- We kept the edit very simple, it was a very peeled back and transparent view on proceedings which again apart of the codes and conventions.
- Lastly the subtitles was used to emphasis what the subjects and the interviewer were saying. I also think it adds a level of seriousness to proceedings and fits in with the house C & C’s.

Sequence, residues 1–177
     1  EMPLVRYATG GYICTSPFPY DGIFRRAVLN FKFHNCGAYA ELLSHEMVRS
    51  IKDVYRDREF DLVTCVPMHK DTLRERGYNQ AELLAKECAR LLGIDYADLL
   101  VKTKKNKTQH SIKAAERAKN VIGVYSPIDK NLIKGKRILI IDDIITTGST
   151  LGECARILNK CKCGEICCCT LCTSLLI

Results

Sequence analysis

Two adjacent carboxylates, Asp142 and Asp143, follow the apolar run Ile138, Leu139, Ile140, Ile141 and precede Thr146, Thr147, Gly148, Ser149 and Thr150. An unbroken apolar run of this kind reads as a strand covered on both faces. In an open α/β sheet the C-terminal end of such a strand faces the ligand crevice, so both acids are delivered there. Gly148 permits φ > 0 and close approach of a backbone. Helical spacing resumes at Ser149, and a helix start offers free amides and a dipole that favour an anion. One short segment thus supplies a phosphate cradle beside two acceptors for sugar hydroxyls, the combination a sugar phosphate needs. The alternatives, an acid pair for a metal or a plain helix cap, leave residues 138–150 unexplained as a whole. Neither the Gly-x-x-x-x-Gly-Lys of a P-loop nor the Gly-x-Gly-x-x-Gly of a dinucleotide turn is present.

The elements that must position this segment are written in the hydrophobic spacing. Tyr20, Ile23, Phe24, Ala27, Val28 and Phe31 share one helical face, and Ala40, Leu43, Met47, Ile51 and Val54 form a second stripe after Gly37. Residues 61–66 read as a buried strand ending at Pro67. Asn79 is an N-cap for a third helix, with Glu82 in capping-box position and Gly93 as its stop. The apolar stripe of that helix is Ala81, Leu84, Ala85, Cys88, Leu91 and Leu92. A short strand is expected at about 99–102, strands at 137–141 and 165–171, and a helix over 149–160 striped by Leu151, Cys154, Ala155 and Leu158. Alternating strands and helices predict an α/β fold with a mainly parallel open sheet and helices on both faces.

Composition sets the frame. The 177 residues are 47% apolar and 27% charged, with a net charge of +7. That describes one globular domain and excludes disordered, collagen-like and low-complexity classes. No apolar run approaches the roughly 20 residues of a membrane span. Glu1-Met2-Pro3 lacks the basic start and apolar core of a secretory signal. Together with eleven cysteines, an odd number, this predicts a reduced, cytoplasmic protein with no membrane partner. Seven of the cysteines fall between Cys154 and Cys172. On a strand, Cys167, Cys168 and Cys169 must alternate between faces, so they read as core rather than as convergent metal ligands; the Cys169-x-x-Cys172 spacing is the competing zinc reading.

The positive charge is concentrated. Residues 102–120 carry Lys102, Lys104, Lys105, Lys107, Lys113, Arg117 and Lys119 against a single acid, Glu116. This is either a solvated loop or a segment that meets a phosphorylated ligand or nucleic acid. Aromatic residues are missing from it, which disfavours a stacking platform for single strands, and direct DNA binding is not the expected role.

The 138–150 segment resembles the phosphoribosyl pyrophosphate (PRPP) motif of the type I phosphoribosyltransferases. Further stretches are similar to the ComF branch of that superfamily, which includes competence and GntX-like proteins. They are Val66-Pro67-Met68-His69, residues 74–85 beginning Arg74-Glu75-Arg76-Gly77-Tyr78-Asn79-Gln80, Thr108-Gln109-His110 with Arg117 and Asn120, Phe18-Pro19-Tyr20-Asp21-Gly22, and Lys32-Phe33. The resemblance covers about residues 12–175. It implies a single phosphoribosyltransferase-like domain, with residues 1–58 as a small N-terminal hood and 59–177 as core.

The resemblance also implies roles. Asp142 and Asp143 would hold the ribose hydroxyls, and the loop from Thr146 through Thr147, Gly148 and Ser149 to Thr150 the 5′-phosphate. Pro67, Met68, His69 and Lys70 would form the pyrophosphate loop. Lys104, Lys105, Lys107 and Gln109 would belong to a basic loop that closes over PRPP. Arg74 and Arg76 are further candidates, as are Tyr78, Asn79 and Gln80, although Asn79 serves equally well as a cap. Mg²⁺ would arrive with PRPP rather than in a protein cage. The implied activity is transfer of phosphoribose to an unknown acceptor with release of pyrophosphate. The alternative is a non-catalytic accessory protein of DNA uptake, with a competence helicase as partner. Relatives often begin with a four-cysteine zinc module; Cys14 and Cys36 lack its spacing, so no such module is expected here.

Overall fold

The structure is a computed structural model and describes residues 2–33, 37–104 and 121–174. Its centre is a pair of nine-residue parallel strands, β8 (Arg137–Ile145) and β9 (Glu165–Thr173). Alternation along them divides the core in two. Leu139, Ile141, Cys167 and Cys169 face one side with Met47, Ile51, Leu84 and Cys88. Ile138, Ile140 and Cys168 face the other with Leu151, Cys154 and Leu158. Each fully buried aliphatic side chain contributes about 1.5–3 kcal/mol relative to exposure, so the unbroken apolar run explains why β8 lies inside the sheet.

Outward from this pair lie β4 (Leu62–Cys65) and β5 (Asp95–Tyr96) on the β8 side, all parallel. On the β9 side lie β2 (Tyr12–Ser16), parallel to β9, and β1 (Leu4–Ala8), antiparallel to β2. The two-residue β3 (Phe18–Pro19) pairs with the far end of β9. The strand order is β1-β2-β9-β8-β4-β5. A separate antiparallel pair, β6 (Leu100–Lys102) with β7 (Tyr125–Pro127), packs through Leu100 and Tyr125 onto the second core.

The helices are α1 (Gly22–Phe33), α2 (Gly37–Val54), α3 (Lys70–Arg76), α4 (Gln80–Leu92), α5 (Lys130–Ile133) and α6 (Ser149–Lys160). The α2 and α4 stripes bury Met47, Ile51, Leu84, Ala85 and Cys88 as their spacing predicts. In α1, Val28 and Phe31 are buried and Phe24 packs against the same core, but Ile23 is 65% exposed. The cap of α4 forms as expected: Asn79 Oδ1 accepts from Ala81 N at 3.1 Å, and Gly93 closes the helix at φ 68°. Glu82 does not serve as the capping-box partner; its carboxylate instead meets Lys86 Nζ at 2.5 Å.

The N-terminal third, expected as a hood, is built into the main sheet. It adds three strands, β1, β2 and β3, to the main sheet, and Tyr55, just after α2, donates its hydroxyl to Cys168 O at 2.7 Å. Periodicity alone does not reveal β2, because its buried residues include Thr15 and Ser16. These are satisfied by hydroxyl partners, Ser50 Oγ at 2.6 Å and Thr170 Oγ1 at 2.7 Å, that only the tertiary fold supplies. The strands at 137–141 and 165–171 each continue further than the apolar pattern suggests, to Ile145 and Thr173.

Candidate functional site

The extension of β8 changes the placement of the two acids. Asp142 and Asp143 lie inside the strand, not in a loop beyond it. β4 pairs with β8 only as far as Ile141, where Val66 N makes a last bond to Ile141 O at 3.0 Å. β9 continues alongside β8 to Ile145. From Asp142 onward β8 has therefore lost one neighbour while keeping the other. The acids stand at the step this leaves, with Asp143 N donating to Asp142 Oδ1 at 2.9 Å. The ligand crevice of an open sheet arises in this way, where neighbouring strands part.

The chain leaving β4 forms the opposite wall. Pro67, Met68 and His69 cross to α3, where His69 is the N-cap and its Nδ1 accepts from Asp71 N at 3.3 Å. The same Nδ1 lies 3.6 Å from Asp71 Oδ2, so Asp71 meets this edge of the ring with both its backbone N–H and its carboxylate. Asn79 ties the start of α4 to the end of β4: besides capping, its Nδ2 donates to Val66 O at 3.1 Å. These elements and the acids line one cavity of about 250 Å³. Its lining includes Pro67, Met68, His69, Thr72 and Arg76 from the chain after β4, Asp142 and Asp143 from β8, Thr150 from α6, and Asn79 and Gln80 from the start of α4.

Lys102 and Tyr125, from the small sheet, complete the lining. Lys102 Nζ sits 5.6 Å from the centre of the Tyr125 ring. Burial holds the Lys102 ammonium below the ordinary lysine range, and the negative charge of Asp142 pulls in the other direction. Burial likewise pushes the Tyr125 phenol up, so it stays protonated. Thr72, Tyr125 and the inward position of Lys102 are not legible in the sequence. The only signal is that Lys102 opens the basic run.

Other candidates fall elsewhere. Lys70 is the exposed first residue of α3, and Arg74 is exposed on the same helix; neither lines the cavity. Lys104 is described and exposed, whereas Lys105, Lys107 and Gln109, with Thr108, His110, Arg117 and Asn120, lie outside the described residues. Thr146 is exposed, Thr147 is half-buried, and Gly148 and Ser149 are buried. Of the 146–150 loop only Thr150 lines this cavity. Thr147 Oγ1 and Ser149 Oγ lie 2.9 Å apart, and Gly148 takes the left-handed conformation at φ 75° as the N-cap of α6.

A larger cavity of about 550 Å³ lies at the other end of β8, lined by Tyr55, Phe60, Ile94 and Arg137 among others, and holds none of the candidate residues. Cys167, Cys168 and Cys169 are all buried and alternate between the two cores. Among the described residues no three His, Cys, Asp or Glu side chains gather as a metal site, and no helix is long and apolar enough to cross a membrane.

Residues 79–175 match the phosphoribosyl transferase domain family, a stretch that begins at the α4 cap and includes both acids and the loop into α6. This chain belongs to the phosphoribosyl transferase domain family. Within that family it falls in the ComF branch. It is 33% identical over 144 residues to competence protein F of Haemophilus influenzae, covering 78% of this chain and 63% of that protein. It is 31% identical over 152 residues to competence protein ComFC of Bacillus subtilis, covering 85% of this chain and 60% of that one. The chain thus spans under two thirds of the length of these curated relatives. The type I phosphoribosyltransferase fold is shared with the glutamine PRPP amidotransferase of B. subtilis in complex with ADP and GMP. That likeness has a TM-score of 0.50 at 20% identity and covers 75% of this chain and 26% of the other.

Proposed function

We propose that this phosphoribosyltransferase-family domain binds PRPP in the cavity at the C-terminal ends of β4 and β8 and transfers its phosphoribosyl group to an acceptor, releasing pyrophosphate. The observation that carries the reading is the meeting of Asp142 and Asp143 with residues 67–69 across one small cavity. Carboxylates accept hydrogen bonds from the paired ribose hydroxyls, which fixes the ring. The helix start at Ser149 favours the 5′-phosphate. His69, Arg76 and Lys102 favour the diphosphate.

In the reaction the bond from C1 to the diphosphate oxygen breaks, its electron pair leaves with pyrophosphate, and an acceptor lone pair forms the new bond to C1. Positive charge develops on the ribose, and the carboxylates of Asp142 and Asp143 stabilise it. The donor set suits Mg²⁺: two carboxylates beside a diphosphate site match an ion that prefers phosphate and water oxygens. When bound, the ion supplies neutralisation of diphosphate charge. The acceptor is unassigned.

Whilst reading Naomi Wolf’s ‘The beauty myth‘ I learnt that even the ‘liberated women of the first world’ were ‘ashamed to admit that such trivial concerns—to do with physical appearance, bodies, faces, hair, clothes—matter so much'(pg. 9) . From this very small and inconclusive social experiment and prior readings I feel as if females still have many issues around this topic of feeling beautiful only in the 21st century there are many more ways of dealing with it i.e make-up. I feel like Beyonce’s – Pretty hurt’s encapsulates the sorts of issues females deal with. This video also helped to expand my thought process and helped me to come up with the questions used in the experiment. From an article published in 2012 in ‘The washington post’ Marita Golden ‘The color complex — or, put simply, the belief in the superiority of light skin and European-like hair and facial features — is, among African Americans, a legacy of slavery.’ I feel like slavery and complexion still has an affect on the 21st century without us explicitly knowing. It’s something we shy away from but there has to be a reason why most talk show hosts, personalities, and successful figures tend to be fairer in skin complexion, especially when you focus in on the female population. There has to be reason why bleaching creams are so popular surely? Article on bleaching creams. And also why the faces of asian and african countries are normally a misrepresentation of the actual population, they tend to use fairer females as they view them as prettier and more sociably understanding. So it was no surprise to me that the darkest female in our experiment refused to take off her make-up but the fairer females did. Again our experiment was not big enough to gage a conclusive answer and we will probably never get one but it is a strong indication that there is truth to these theorises.